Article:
Tag Archives: Sheldon Adelson

Journalist shows his chops … and quits


John L. Smith had a problem I never encountered in my 37 years as a print journalist.

He worked for a media mogul who is far more than just a mere newspaper titan. Smith was a columnist for the Las Vegas Review-Journal. Then he quit when he was told his boss was off limits. He couldn’t comment on his doings.

Is that fair? I don’t believe so.


And just who was this man’s boss? Sheldon Adelson bought the R-J in 2015. He’s also a big-time casino owner and a political money man for Republican politicians.

Smith thought that he could comment on Adelson’s casino business and his political activity.

No can do, came the directive.

At one level, I’m somewhat relieved I never encountered that problem while working as a reporter and editor for three corporate owners.

The first one was in Oregon City, Ore., where my corporate boss was Ed Scripps, owner of Scripps League Newspapers. Then I moved to Beaumont, where I worked for the Hearst Corporation, which bought the paper late in my first year on the Gulf Coast; the mogul then was William Randolph Hearst Jr. Then I went to work in Amarillo, where the Globe-News is owned by Morris Communications; the head man there is William Morris III.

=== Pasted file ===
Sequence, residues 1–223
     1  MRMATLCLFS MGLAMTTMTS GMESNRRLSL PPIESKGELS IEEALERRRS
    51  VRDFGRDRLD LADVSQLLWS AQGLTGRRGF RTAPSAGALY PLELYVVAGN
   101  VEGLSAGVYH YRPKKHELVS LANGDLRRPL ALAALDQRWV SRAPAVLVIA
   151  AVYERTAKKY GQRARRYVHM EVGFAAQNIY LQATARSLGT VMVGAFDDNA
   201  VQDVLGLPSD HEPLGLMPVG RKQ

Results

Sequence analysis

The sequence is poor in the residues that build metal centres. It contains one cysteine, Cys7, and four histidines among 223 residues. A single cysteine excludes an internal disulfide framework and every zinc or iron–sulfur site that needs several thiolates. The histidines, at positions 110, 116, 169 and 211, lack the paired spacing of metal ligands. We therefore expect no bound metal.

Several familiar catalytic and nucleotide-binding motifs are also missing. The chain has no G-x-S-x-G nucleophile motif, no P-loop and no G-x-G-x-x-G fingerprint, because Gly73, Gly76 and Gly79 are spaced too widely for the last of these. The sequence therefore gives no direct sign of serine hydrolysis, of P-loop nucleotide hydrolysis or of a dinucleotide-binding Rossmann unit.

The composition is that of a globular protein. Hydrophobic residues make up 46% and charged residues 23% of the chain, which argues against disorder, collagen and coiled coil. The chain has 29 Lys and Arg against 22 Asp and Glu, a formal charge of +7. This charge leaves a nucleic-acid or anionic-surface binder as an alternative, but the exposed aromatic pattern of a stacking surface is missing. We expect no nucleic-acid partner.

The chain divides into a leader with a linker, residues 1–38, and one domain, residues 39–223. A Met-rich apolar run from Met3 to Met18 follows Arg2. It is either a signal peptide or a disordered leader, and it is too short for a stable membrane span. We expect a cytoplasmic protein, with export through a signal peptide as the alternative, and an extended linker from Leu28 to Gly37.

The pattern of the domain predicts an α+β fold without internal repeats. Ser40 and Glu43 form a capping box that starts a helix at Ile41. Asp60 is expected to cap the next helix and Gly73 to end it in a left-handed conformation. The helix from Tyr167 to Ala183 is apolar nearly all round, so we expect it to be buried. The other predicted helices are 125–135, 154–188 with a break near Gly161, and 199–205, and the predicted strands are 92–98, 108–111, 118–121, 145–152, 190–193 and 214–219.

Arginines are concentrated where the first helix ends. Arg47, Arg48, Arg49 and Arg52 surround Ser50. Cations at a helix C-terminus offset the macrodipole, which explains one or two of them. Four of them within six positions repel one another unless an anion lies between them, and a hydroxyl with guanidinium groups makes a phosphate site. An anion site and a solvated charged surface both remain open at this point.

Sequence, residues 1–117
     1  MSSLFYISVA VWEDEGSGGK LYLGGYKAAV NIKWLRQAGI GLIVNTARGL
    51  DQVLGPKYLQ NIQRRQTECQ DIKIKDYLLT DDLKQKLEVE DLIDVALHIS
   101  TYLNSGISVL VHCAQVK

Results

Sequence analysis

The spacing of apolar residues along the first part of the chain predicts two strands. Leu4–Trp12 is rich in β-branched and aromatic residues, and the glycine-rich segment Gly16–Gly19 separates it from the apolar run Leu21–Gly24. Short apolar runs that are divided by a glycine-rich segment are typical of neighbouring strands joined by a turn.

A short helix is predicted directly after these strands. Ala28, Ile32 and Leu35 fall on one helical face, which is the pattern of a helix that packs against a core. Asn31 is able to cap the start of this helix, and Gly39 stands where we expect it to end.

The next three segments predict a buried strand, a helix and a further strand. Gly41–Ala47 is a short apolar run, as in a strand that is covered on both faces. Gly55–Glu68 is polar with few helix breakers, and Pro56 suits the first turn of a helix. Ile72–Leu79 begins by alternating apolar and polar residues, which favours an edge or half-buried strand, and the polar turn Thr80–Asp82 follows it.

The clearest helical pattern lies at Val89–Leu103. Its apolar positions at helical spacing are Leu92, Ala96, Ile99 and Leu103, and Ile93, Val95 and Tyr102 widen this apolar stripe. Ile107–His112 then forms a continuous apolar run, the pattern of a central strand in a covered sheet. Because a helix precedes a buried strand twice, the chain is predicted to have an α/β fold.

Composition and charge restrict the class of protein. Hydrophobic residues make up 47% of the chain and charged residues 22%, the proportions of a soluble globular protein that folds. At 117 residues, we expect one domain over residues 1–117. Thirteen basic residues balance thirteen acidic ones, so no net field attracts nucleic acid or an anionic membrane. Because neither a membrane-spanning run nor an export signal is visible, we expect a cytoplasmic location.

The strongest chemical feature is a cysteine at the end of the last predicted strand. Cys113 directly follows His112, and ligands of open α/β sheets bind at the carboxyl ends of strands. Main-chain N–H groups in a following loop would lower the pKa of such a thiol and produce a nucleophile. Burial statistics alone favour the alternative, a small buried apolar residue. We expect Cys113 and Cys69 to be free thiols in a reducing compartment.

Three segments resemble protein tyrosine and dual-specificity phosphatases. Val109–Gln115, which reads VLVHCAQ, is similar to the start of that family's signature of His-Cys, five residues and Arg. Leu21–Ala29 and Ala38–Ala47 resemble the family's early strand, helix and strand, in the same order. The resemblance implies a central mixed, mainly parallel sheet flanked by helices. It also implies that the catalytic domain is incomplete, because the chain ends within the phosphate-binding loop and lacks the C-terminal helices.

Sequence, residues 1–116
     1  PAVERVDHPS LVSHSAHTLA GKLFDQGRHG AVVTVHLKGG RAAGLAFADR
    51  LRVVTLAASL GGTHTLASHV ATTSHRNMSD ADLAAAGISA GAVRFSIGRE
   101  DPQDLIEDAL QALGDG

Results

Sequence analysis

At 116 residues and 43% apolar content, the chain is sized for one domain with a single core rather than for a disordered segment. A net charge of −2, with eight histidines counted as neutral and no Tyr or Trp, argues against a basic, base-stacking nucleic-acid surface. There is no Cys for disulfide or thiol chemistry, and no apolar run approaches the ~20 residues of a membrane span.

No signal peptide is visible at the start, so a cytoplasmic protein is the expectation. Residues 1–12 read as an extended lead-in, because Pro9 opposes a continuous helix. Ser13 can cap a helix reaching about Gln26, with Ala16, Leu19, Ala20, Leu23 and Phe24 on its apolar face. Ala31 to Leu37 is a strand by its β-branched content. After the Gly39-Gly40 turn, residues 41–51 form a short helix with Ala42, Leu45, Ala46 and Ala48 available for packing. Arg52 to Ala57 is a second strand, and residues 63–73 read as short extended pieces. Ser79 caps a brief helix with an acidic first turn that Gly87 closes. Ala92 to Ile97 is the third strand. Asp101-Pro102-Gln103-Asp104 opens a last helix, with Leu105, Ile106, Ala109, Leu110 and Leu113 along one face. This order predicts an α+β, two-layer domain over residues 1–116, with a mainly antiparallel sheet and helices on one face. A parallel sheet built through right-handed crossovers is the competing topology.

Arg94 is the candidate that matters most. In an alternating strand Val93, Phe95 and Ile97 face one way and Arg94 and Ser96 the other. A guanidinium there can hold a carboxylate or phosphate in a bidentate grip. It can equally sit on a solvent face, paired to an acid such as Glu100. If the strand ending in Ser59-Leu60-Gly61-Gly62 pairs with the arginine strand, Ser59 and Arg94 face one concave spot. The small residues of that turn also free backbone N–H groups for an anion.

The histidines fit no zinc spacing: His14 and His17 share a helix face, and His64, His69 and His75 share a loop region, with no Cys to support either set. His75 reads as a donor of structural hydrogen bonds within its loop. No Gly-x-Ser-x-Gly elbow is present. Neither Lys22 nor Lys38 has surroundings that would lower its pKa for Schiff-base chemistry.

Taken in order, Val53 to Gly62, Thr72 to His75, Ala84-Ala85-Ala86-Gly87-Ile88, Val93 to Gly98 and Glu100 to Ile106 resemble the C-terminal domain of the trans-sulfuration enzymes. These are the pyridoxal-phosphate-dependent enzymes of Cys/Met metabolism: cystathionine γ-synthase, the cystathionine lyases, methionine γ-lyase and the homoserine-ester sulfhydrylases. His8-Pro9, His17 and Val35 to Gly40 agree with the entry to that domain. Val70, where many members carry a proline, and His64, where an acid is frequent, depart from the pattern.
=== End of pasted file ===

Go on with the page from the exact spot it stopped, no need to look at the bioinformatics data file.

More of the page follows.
They all had tremendous influence within their spheres. The issue never came up on whether I could comment on their outside activities.

Although …

The current Globe-News publisher’s involvement with certain civic activities has raised questions in some quarters about whether the paper could look critically at those activities. Yes, I worked there during some of that time, but the issue didn’t present itself so directly that I ever considered quitting over it.

John L. Smith’s dilemma is quite interesting, given Adelson’s huge impact outside of the business he owns. It’s his political influence that ought to make the R-J’s owner fair game.

It’s not to be.

The case isn’t entirely simple. Smith had written about Adelson before and the casino mogul sued Smith for libel. The suit was dismissed, but Smith went bankrupt defending himself. The two men had issues.

Smith wrote in a letter to his colleagues: “In Las Vegas, a quintessential company town, it’s the blowhard billionaires and their political toadies who are worth punching. And if you don’t have the freedom to call the community’s heavyweights to account, then that ‘commentary’ tag isn’t worth the paper on which it’s printed.”

My hope for Las Vegas is that other media organizations will fill the vacuum left by John Smith’s resignation.

I applaud the man’s guts in quitting over a journalistic principle.